Whatcom basketball enters home stretch

Story by Kara Veldman, photos by Vica Kazantseva

This year, the basketball teams at Whatcom Community College have the strongest sense of family than in any other year.

“It has been a pleasure to coach this year’s team,” said David Dunham, who is in his 13th year of coaching the men’s basketball team at Whatcom. “The makeup of the team makes it really fun because all the guys get along well. We all laugh a lot, but when it’s time to be serious we know how to pull it together.”

Dunham, who is also the Interim Associate Director for Athletics, grew up in Pasadena, Calif. He went to Lewis & Clark College in Idaho where he played basketball and majored in kinesiology, which the study of human movement.

Whatcom forward Casey Leek puts up a jumper against Bellevue College
Whatcom forward Casey Leek puts up a jumper against Bellevue College

“From the ninth grade I knew I wanted to coach basketball,” Dunham said. “All of my basketball-playing and decision-making about my future revolved around coaching.”

Logan Schilder, 19, plays center for the Orcas, said, “The team dynamic is really good. We all get along really well, and don’t argue that much, which is different than last year from what I’ve heard.” Graduating from Bellingham High School last spring, this is his second quarter at Whatcom. Schilder has been playing basketball for two and a half years now, and his goal for this season is to “see the sophomores move on and secure scholarships.”

The preseason went very well for the team, Dunham said. The team was ranked second out of 34 teams in the NWAAC division. Before the season started, the Orcas beat Spokane, which was the number one ranked team at the time. However, according the NWAC site the Orcas continued to be ranked second.

“This affected the team in a big way, and we lost the next three games,” Dunham said. “We are currently tied for fifth with seven more games to go.”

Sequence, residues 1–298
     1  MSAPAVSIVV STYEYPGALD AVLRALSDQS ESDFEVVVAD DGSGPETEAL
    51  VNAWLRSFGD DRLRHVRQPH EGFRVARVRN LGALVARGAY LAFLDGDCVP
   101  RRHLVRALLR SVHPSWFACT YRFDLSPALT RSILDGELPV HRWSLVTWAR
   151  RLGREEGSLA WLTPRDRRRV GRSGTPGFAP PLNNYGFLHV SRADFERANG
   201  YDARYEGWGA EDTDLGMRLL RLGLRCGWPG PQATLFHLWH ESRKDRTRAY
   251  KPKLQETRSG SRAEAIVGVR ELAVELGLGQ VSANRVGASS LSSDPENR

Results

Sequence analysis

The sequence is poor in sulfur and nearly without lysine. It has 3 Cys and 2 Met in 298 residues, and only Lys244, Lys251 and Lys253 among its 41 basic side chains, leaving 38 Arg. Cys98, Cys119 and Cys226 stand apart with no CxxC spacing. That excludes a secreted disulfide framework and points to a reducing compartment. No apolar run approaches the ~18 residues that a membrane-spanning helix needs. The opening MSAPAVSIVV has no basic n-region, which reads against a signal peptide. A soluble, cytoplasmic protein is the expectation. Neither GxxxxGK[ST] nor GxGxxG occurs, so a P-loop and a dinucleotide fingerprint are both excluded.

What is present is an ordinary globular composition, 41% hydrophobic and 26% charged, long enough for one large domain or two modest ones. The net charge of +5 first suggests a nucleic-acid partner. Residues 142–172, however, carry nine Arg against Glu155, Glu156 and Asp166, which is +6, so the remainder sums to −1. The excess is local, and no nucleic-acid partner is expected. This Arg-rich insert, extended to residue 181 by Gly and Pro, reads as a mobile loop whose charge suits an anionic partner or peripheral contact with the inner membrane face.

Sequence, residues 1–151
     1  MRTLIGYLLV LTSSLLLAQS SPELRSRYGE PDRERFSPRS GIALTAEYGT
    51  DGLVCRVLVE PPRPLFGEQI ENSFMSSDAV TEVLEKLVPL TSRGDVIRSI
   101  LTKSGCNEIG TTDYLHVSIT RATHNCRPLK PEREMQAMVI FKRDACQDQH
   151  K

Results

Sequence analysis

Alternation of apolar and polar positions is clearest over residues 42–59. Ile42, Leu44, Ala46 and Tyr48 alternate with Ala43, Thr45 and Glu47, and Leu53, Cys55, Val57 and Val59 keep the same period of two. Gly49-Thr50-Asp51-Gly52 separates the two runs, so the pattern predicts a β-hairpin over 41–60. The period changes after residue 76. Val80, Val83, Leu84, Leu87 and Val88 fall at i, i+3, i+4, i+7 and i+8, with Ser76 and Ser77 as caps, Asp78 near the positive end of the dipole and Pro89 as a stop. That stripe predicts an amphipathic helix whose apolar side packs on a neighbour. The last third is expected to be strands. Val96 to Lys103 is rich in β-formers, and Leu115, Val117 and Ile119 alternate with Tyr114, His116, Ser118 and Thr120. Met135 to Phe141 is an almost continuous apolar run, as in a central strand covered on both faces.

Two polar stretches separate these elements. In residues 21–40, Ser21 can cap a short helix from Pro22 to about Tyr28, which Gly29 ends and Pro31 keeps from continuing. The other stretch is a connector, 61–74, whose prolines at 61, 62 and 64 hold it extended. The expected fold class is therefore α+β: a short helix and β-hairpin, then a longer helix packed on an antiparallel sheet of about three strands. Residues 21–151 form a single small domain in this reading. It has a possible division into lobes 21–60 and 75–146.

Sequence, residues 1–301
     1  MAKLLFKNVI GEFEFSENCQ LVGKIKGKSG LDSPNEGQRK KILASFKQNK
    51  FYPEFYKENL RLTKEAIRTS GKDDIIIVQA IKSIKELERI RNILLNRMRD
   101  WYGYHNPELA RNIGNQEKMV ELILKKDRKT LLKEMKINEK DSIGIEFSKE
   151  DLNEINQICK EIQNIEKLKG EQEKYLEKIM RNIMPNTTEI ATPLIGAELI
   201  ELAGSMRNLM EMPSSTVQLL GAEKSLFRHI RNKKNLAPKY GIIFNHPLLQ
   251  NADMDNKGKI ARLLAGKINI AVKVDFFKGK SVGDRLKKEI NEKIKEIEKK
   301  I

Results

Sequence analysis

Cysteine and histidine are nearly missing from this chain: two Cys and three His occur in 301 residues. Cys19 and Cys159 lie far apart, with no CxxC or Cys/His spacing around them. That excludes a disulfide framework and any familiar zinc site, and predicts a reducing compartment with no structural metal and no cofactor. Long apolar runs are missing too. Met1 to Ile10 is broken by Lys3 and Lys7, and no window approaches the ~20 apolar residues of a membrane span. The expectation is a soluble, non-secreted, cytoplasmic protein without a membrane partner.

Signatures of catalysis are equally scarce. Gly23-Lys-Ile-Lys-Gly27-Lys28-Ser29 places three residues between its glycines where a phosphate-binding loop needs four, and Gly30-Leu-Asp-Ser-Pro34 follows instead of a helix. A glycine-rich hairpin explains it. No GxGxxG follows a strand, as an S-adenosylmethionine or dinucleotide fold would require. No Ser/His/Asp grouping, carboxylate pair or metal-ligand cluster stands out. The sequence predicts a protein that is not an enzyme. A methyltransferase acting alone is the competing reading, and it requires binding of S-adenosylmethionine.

This year the Orcas are putting their focus on playing as a team on the court, and being successful in the classroom as well. The team’s average GPA is 3.1.

“The number one goal of any coach is to get the guys scholarships to the next level. We want them to use Whatcom as a tool to develop and sharpen their skills, on the court and in the classroom,” Dunham said.

Matt Seymour, 20, a sophomore at Whatcom, grew up in Juneau, Alaska, and has been playing basketball since the fifth grade.

“I love playing with this year’s team, there’s a lot of camaraderie,” Seymour said. “Our season has so far been sub-par, but we’re on a two-win streak now so it’s getting better. Our hope is to win the NWAC Championships this season.”

Seymour said he is hoping to get a scholarship next year to play basketball at a university, with an eye towards coaching in the future.

“It’s been an exciting season with the returning players, seeing the team gel the way it has. It’s been fun to coach these young men,” Dunham said.

The women’s team went into this season with a different approach. With only one returning player, they knew it would be a tough year of growth, said head coach Kevin Davis. “We went into this season with the long haul in mind,” he said. Davis grew up in West Seattle, playing basketball throughout high school and then at Edmonds Community College. He started coaching 10-year-olds the summer after he graduated high school. It was there he decided that he wanted to pursue a career coaching basketball. Davis was the assistant coach for the men’s team the previous season, moving up to the head coaching position of the woman’s team this season. The team’s goal this season is to continue to get better and better.

“The girls are excellent,” said Davis. “Their attitudes and camaraderie have been great, which makes it a lot easier.”

Whatcom guard Matthew Seymour shoots a three pointer
Whatcom guard Matthew Seymour shoots a three pointer

“We want to compete, but also ensure that players are having fun. There’s a balance,” Davis said. “I’m very satisfied with the efforts the players are giving. With injuries and illnesses we can only play games with six people. They give it everything they got.”

Bella Nigretto, 19, and Cheyanna Maxwell, 20, are co-captains on this year’s team.

“I like Whatcom a lot,” said Nigretto. “I enjoy my teammates. I was the only walk-on at the beginning of the season, and having nine new best friends is pretty cool. It’s fun to be around people who know what they’re doing and passionate about the sport.” Her goal as captain is “to motivate my team and make sure everyone is enjoying the experience, playing smart and as a team, and finishing the last half of the season well.” Nigretto grew up on Orcas Island in the San Juans, and has been at Whatcom for four quarters. She has been playing basketball competitively since the fourth grade, and “if the opportunity presents itself, would love to play for a university.”

Maxwell, has been playing since the sixth grade, and is in her second year at Whatcom. She is the only returning player from last year, and says that “I like this season much better.”

Maxwell said, “We all love each other a lot; it was a very quick family. We all get along very well. If we ever bump heads on the court, we work it out right away and it never affects our friendship.”

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